Brachiopodes and 高陵 in Tomsk, Siberia

Participants of the Youth Parliament in Tomsk, Siberia are conducting projects related to the environment and health issues. Yesterday I conducted a presentation for these high school students about my research in the Bronx. Today they invited me to the Camp Garden (Лагерный сад) to learn about one of their project educating people about the geological history of this urban area and preserving unique rock formations. Everyone in the city knows the Camp Garden, a gorgeous park with a war memorial on the hill overlooking the river. However, few people are familiar with interesting geological formations downhill near the river, which are sometimes being neglected, destroyed and trashed. Last summer the Youth Parliament has installed interpretation signs explaining the geology of this are, and next year students are going to build metal steps for people to safely explore rock outcrops.

Students gathering near the eternal flame on the monument’s pedestal in the Camp Garden

Few people dare to explore the area down a steep slope

Near a huge kaolinite mudstone. Kao-ling (高陵) in Chinese means “high hill”

Interpretation signs installed by the previous cohort of students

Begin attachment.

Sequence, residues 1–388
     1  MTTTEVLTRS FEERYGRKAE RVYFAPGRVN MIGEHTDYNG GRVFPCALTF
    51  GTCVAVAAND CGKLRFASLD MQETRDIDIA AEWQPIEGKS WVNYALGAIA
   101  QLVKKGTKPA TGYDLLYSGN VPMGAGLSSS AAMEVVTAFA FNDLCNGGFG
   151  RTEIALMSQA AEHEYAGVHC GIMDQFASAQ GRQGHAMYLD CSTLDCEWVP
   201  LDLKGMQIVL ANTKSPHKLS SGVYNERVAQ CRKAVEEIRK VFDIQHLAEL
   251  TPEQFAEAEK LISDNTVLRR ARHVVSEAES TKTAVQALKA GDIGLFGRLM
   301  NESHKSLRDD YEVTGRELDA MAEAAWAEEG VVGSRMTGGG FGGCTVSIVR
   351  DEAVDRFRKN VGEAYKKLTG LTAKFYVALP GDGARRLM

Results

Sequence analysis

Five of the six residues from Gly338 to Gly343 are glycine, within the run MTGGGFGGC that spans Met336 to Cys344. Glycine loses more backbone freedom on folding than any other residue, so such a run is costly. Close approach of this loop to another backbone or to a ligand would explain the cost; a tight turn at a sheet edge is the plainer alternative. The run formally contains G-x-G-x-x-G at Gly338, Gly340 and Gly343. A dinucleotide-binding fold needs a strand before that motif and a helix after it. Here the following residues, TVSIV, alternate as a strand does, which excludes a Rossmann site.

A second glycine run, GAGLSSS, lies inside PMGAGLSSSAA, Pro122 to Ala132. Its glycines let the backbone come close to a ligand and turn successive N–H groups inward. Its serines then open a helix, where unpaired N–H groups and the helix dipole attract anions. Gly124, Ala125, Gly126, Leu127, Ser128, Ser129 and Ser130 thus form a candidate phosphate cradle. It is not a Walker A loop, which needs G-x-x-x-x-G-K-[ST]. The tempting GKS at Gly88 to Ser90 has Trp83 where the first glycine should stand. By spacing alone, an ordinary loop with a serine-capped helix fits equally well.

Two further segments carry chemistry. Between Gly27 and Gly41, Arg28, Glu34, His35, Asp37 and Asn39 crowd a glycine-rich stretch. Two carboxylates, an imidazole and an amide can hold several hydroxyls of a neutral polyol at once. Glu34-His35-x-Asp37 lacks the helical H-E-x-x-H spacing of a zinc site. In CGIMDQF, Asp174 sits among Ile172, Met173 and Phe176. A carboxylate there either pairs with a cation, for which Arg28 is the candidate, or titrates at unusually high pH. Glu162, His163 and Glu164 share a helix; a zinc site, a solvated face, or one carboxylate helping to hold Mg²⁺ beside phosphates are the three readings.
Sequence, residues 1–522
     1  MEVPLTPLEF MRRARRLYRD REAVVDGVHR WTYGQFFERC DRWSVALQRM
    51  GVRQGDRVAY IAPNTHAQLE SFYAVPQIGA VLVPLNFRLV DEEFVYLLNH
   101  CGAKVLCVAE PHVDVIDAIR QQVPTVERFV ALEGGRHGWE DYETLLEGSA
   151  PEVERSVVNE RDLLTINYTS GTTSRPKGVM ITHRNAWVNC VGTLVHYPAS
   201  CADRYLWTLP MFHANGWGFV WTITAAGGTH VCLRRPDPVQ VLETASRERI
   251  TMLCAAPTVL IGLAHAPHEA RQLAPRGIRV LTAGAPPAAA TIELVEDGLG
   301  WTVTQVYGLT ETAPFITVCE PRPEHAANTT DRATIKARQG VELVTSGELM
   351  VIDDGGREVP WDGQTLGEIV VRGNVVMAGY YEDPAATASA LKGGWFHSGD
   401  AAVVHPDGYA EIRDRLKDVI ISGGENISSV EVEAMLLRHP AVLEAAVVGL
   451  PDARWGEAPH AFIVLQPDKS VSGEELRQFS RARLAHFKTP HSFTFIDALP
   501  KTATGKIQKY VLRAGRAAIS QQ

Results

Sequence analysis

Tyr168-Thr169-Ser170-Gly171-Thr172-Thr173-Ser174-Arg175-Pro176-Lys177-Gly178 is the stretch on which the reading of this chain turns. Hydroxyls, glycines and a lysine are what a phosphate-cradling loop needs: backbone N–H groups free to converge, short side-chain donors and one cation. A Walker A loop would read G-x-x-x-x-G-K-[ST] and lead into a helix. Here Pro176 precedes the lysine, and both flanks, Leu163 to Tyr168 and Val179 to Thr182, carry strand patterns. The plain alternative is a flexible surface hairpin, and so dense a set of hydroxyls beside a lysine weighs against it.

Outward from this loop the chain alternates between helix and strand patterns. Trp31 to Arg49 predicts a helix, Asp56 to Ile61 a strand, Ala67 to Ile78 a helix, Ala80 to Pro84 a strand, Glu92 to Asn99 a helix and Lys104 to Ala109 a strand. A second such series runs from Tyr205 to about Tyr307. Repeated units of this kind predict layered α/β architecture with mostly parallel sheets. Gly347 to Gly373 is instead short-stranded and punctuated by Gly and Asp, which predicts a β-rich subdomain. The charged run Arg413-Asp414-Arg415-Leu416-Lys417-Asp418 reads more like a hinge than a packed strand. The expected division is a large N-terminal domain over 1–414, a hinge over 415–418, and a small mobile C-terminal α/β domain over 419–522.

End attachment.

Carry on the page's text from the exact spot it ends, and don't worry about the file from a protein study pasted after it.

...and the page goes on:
A 330 million year old brachiopod found by students nearby

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Environmental education in Siberia

In Siberia it’s a rare event to see 200 environmental educators in one room. Last week I visited the annual environmental education conference organized by the Department of Environmental Protection of Tomsk Region, Siberia. Some guest presenters from Moscow were trying to teach Siberian educators about environmental curriculum based on one-way transfer of knowledge. In contrast, a number of environmental educators from Tomsk and other Siberian cities presented their education projects engaging students in hands-on and inquiry-based learning. For example, a group of Tomsk students in an after-school program have developed and installed interpretation signs near a natural monument, which represents a riverside rock outcrop. To develop signs, students had to talk to scientists and handle contradictory information about ancient cultures that used these rock formations for settlements and to hunt mammoths. By installing signs, students are trying to inform people about the natural and social history of this place and preserve this urban natural site, which has sometimes been neglected.